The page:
David Ralph [45:14]
Now, you obviously did follow the path, your own path, you went into environments that maybe your parents weren’t happy with at that time. When you look at those words, and you listen to those words, are they true to your life? Are they true to all of our lives as Steve Jobs touched into something that is really going to stay with us forever?
Alison Pena [45:37]
Oh, I think so. I really think so.
in my looking backward, I just never sort of fit in. And so I really tried to fit in, I tried to take jobs and work in companies and do The normal things take a safe secure job, although I don’t think there is such a thing. And it never worked. And so looking backwards, I just kept going along and and heading in the direction where I was destined to come to. And and my sort of breaking point was when I was about to turn 50. And I looked at my life, I was working as a medical editor in an advertising firm. And I asked myself if I was was doing what I was here to do. And the answer was a resounding no. And that was really sad. That was really sad for me. And so then I set out to build a business around what I’m here to do. And that’s to To change the world in this area of affluence, so that people can truly see the possibilities that they have, and they can choose to take them or not.
David Ralph [47:09]
And do you see as a movement, do you see that more and more people are trying to get this out to the world? Because I know what I mean is environment so it feels like everyone’s doing it. But on the widest sense, do you think that we are going to be able to get the abundance get the possibilities get the the opportunities going in people’s minds?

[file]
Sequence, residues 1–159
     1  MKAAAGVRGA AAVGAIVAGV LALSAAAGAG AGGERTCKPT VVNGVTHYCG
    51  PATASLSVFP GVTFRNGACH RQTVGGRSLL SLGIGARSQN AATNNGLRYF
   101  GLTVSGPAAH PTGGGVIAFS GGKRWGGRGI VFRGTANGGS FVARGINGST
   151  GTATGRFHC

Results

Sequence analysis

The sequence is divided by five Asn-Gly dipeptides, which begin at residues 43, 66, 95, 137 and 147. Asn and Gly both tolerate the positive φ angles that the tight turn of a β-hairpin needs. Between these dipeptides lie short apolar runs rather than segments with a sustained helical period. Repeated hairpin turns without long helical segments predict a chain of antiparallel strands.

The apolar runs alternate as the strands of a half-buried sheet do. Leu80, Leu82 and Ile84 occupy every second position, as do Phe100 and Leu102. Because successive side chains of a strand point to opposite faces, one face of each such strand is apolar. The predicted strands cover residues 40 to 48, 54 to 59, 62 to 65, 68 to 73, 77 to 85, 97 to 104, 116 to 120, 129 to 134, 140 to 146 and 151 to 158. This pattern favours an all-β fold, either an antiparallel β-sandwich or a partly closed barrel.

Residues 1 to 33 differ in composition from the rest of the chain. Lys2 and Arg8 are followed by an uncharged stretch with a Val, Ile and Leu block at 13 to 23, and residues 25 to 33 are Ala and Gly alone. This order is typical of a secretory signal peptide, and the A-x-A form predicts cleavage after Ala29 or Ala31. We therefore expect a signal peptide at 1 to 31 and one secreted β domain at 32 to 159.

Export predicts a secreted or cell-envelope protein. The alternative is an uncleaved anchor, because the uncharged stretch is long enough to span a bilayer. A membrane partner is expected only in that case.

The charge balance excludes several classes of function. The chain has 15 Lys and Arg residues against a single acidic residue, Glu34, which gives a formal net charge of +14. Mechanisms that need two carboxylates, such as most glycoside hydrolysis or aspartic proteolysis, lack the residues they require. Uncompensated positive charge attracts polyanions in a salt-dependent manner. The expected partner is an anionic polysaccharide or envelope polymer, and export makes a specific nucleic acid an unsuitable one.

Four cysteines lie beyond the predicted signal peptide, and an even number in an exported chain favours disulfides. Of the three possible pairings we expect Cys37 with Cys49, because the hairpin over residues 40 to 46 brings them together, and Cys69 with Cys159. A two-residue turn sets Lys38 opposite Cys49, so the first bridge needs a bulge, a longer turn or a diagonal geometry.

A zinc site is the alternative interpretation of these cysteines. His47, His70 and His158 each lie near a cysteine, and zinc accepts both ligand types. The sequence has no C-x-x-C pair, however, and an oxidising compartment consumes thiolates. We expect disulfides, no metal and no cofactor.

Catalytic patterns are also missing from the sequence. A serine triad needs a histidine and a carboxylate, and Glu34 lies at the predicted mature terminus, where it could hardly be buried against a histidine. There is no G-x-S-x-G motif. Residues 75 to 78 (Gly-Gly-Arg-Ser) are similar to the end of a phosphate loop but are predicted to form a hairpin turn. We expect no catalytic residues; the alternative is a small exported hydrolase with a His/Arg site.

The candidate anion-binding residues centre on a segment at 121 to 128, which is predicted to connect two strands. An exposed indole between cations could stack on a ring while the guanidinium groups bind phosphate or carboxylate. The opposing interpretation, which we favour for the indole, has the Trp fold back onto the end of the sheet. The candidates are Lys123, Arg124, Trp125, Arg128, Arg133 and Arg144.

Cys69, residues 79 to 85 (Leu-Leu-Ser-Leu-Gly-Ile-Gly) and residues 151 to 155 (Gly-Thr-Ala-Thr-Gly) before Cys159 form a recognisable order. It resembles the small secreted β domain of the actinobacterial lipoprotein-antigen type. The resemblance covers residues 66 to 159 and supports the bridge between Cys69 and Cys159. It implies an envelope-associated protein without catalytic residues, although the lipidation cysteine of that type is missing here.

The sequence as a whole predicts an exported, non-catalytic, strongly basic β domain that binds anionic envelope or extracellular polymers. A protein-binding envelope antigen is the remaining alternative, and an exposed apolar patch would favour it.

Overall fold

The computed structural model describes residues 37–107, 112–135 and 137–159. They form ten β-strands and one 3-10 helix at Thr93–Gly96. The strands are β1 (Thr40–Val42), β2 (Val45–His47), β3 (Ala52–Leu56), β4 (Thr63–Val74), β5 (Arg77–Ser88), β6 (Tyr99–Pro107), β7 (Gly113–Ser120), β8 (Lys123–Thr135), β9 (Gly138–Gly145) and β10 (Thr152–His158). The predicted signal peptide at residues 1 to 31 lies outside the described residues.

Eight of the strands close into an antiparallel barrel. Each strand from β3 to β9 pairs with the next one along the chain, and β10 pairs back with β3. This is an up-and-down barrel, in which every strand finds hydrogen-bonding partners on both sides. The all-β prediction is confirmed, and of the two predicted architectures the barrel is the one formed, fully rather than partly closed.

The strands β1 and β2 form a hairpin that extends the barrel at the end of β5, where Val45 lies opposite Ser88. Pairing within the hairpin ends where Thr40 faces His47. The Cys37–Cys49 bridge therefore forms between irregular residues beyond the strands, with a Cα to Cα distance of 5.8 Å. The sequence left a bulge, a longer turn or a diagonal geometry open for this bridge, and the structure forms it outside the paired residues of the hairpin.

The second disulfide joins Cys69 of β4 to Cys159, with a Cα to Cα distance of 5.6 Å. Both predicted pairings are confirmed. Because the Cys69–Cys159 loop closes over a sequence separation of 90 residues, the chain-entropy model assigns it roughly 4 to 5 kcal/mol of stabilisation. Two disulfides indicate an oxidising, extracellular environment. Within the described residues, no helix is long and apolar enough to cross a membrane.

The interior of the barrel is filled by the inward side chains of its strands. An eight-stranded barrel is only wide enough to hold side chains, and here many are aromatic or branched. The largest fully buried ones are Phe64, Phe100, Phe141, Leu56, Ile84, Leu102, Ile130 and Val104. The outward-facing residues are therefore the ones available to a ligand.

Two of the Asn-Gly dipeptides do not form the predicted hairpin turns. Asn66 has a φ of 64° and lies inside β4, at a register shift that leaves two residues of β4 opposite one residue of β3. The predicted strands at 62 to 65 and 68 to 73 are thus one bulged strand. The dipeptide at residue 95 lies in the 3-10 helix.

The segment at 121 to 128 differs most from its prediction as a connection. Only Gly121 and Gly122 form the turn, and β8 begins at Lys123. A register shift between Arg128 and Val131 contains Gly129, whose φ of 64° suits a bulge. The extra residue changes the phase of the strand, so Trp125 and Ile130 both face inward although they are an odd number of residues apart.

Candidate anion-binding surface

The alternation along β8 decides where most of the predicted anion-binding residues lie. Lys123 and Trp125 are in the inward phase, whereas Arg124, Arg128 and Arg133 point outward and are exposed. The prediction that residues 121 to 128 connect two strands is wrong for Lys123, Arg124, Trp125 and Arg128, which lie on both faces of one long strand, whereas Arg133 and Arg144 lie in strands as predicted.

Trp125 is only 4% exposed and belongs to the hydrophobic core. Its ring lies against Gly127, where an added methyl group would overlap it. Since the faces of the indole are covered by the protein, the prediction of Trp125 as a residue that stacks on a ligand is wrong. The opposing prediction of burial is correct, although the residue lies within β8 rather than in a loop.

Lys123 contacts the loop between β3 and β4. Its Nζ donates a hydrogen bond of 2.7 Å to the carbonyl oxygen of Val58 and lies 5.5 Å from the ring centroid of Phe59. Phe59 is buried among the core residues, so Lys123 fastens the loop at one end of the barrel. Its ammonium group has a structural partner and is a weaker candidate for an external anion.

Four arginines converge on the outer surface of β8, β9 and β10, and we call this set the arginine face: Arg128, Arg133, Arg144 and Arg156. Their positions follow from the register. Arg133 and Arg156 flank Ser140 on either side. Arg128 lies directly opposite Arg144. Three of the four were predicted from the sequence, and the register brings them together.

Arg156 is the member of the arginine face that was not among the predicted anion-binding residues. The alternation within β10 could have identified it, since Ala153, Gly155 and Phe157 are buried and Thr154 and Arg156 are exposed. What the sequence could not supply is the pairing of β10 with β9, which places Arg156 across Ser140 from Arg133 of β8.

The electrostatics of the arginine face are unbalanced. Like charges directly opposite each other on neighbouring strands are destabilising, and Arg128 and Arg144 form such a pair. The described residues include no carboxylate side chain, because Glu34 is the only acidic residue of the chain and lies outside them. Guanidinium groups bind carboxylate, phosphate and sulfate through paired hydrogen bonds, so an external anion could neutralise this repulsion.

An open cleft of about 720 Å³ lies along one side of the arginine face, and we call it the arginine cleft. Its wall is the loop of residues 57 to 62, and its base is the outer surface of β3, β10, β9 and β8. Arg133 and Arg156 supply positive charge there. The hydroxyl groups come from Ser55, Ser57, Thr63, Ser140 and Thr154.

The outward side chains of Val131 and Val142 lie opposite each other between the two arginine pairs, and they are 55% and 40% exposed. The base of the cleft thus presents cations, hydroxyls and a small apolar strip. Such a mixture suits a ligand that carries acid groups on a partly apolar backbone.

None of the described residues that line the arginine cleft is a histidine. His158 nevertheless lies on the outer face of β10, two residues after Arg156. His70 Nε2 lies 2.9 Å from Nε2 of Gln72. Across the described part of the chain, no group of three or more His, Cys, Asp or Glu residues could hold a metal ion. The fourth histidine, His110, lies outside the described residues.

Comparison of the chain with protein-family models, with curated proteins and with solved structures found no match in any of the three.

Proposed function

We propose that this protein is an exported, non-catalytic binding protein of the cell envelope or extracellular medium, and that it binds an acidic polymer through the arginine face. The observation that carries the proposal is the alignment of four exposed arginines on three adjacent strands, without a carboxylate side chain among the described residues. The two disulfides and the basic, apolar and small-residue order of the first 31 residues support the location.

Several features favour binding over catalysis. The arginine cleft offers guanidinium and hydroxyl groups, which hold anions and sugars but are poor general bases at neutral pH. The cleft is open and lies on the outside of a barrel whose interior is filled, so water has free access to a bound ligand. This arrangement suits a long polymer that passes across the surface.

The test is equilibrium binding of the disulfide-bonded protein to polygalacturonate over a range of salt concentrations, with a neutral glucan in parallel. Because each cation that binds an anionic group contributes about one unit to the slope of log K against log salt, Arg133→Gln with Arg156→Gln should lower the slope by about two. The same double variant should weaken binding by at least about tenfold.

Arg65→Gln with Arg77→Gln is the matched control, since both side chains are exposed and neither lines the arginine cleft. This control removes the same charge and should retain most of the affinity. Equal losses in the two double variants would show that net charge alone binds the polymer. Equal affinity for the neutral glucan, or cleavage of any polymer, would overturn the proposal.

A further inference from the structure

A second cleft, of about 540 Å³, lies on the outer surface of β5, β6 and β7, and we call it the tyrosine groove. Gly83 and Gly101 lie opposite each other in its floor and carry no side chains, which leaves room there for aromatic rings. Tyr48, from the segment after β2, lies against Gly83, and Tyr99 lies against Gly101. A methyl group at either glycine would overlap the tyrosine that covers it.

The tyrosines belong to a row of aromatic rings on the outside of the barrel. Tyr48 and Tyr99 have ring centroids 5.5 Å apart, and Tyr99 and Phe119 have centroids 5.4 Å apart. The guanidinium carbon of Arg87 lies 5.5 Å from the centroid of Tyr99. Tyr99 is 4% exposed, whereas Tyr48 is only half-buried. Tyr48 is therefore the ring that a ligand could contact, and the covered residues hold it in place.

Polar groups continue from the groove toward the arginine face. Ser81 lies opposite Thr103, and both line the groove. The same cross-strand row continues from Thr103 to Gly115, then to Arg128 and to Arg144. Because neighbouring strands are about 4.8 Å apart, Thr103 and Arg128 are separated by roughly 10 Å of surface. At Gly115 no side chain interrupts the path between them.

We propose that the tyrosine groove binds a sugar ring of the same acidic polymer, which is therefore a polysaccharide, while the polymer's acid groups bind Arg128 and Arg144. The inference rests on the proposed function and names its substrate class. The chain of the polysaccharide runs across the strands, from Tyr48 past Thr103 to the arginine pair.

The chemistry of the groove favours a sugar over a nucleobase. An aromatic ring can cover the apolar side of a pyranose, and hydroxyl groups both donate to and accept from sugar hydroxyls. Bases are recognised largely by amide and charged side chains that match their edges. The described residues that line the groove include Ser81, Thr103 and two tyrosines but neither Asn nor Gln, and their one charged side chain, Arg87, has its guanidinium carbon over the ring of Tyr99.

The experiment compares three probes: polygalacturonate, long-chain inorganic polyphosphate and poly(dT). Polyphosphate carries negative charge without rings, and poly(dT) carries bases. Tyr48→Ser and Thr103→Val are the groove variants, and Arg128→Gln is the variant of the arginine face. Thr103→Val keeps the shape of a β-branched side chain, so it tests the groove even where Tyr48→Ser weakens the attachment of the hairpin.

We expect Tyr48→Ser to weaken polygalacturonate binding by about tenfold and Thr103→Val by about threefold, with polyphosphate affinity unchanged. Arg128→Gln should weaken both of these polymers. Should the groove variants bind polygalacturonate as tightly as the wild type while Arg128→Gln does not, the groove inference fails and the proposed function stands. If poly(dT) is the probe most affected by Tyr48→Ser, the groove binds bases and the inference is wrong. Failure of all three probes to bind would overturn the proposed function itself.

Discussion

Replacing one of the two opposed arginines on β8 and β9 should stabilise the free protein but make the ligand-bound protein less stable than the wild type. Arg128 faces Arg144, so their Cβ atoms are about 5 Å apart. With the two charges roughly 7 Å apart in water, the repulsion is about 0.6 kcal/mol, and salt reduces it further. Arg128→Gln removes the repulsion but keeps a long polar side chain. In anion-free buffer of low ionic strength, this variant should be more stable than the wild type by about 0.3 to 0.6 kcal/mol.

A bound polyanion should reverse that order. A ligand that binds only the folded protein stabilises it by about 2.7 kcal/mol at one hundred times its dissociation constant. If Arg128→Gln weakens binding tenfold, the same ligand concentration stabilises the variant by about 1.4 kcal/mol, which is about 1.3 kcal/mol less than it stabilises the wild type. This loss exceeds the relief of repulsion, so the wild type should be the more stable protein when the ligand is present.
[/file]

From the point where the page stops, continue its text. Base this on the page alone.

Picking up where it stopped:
Alison Pena [47:31]
We live in magical times. So we live in times where the Internet has given us given anyone the capacity to build a business if they choose, because you can reach out and it’s not expensive to reach out and have a community and and if you have a community of 100,000 people who care about what you care about, you can have a business so I don’t think everyone is doing it. I think there are more and more people whose comfort level is turning towards being entrepreneurs and building their own businesses. And frankly, even people in jobs. If they don’t have a sideline business, they’re leaving money on the table in taxes.
David Ralph [48:20]
Yeah, absolutely. So do you find it? Sorry, but do you find it weird when you look back on all your path, even though you think that being in that medical job wasn’t connected? Ultimately they are, it is part of joining up dots to where you are, you can’t get from one to the other. And even if you’re in a position that you just think, Oh, this is terrible. I never wanted to work here. But there’s something in it that helps you go to the next part.
Alison Pena [48:48]
Yeah, I mean, the thing that the thing that’s interesting is that I I basically started data mining from my past and the thing I loved about that job at the beginning was that it was was an invented job. It was a job that had never existed before. So I had the power inside a company to innovate. And then what changed that job for me was that I got a manager who no longer valued anything I offered in my service. And I had, you know, accolades from the end client, like you wouldn’t believe. But then suddenly, all that I knew, and all that I was was not valuable anymore. And then I was miserable. But data mining, from all of my history, is how I connected up the dots. I was like, Oh, yeah, I was good at that I served there. This is where I felt best. And I started collecting all those little experiences together, and then figured out
what I was meant to be doing.
David Ralph [49:52]
And is easy for our listeners to do but isn’t it? It’s very difficult in one way, but if they put enough time and effort in and really Look back on every part of their, their journey, the job that they’re doing and go, right. I hated doing that, but actually kind of quite like doing that and drilled down, you can find the clues, and you can end up with almost a blueprint. But it takes a while to sort of formalise it into something. But it is out there, isn’t it?
Alison Pena [50:21]